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Private firm takes charge of NHS trust

New model promises to clear trust’s £40m debts

Adrian O'Dowd

Thursday, 10 November 2011

A private company has been appointed to run Hinchingbrooke Health Care NHS Trust in Huntingdonshire, promising to help clear the trust’s existing £40million debt.

Under the groundbreaking deal, Circle Health Limited, the social enterprise co-owned by employees, clinicians and Circle Holdings Plc (listed on the stock market), has signed a definitive contract to run the trust and manage an estimated £1 billion of revenue over a 10-year contract period, which will begin next February.

Unions have expressed concern at the development, which they fear may lead to staff cuts.

Circle was chosen by the strategic health authority NHS Midlands and East as the preferred bidder to run the trust in November of last year, following a 13-month procurement process and 12 month period of scrutiny by the Department of Health.

Circle will be the first ever non-state provider to deliver a full range of NHS district general hospital services when the contract begins and the company has promised to transform Hinchingbrooke by pushing boundaries on clinical excellence, hospitality and patient experience.

If the hospital falls into deficit as part of the transformation, Circle has agreed to make working capital contributions of up to £5m.

The agreed contract allows either party to terminate if the trust incurs more than this £5m in aggregate deficits, at which point Circle will have to pay a further £2m termination fee to Hinchingbrooke. Circle's liability under the Contract is capped at £7m.

Circle said it intended to run the trust using a John Lewis store type model in which clinicians and managers would be in charge of the hospital as a partnership and as co-owners.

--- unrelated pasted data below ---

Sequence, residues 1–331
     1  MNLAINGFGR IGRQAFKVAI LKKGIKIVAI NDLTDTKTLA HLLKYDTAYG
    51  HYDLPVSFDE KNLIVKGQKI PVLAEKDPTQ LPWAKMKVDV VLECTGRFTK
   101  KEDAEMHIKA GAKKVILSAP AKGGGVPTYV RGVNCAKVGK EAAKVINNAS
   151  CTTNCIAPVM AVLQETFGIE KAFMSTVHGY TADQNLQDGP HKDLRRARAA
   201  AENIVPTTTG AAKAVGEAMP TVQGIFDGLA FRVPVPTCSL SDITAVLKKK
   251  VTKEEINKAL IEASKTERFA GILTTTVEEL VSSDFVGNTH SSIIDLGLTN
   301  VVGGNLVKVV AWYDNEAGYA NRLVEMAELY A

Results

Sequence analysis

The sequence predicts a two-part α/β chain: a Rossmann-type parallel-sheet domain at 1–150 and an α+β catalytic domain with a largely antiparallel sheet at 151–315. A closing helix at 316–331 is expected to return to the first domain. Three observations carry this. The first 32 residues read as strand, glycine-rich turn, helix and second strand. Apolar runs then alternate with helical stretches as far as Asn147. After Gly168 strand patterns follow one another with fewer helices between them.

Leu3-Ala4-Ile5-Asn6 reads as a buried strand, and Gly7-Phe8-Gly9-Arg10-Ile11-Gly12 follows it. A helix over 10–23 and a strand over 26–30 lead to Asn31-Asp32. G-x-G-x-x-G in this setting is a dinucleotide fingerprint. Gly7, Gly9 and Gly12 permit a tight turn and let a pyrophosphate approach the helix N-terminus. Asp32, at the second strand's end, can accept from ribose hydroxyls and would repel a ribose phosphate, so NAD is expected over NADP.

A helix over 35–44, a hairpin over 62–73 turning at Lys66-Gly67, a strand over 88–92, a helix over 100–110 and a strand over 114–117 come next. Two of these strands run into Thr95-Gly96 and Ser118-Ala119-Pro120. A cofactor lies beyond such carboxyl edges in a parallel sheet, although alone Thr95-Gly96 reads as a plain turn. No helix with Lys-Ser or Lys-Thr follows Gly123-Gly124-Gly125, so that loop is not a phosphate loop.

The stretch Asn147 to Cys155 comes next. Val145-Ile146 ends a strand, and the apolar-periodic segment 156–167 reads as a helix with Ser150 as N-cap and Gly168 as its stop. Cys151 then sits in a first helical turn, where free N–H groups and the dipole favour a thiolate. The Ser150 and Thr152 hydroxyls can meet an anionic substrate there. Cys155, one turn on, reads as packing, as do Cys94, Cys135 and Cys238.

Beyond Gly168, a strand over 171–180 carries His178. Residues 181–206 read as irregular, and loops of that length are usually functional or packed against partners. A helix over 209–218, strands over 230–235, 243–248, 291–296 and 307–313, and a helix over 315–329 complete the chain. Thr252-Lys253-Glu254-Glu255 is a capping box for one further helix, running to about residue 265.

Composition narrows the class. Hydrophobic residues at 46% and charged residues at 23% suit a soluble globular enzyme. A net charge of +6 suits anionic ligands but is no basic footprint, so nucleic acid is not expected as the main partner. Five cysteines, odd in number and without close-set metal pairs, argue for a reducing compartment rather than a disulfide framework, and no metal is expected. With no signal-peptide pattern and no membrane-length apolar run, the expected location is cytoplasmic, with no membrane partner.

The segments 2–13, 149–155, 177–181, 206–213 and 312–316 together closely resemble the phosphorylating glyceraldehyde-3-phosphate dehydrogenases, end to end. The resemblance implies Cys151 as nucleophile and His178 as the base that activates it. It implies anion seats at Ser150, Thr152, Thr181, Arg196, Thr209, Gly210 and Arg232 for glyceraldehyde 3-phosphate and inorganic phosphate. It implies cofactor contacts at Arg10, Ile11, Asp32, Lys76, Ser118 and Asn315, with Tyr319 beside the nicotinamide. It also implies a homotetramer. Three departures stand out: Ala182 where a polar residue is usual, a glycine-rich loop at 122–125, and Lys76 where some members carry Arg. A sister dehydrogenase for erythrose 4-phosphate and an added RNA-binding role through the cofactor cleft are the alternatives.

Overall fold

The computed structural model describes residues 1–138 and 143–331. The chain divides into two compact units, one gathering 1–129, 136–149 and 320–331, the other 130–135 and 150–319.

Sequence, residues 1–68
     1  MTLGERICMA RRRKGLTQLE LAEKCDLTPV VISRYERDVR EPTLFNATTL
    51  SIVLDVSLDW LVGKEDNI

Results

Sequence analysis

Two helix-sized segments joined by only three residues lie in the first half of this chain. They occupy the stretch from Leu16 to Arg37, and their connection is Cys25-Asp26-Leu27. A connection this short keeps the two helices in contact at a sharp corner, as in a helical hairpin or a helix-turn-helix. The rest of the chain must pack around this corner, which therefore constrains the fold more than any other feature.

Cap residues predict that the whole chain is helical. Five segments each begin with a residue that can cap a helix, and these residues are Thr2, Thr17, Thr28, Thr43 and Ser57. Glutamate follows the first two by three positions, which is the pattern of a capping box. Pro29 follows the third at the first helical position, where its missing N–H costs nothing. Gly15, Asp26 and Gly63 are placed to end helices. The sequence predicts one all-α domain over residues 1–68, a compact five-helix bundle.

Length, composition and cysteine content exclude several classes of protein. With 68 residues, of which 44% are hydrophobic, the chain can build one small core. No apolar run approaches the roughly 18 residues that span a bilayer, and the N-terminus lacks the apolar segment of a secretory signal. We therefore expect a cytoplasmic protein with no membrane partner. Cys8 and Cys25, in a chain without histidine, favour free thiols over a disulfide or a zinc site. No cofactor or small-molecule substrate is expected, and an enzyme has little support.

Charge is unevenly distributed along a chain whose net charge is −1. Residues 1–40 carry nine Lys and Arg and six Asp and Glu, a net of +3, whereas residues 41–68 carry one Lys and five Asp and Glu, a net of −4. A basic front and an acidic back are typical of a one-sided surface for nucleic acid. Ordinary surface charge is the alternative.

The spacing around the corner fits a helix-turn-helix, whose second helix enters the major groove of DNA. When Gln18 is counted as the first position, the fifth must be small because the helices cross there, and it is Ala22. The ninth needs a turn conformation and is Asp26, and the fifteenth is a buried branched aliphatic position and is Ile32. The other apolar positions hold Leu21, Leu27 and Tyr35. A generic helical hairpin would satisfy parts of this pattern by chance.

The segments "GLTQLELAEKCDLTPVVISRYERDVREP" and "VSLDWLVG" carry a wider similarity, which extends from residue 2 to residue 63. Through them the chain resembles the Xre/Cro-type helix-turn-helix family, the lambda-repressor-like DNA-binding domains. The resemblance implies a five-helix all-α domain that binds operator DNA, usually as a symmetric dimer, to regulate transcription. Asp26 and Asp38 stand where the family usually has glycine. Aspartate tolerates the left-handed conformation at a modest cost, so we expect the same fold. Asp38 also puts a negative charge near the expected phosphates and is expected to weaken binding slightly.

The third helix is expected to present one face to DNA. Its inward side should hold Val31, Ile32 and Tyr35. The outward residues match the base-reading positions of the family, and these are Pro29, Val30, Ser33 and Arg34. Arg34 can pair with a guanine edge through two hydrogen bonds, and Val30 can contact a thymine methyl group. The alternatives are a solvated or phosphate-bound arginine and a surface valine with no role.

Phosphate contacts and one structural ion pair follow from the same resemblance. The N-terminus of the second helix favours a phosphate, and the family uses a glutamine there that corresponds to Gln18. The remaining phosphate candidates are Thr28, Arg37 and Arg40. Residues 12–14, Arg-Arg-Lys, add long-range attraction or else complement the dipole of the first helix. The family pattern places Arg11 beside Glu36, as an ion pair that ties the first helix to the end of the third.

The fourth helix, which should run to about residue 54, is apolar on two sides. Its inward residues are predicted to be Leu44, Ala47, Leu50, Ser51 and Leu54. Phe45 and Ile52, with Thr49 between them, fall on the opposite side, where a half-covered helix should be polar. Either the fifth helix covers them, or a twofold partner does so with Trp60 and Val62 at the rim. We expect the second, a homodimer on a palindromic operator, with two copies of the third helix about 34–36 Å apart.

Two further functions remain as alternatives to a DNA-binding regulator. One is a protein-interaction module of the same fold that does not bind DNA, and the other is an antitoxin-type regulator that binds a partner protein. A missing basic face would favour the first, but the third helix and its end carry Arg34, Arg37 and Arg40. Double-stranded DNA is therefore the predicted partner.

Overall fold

It said that in recent months, senior clinicians, including GP commissioning leaders, hospital consultants and union representatives, had written to the Prime Minister on repeated occasions expressing their support for the franchise to be awarded to Circle.

Circle's chief executive, Ali Parsa, said: “At a time when some healthcare commentators say the solution for small district general hospitals is simply to merge or be shut down, we believe NHS Midlands and East's courage and zeal for innovation will enable us to show how clinician and staff control can provide a more sustainable alternative.

“Our partners have now met hundreds of Hinchingbrooke staff, and we know that we share a core value of prioritising patients above all else, and a passion for reengineering healthcare delivery to make it simpler, better and smarter value for the patients.”

Dr Stephen Dunn, the health authority's director of policy and strategy, said: “Circle secured this operating franchise following an open competition. They outshone the best of the best from the NHS and independent sectors.”

Nigel Beverley, interim trust chief executive for Hinchingbrooke Health Care NHS Trust, said: "We have been bowled over by Circle's enthusiasm and the efforts they have taken to engage with staff, patients and our other partners.”

Unison’s head of health Christina McAnea, said the deal was an “accident waiting to happen”. 

Ms McAnea said: “We have huge concerns that jobs will be affected by the move, as staffing is the biggest cost area for trusts. The company is pushing the line that staff are getting involved, while avoiding the fact that merchant bankers are the one calling the shots. The hospital could have been kept running for the benefit of patients, rather than profiteers.”

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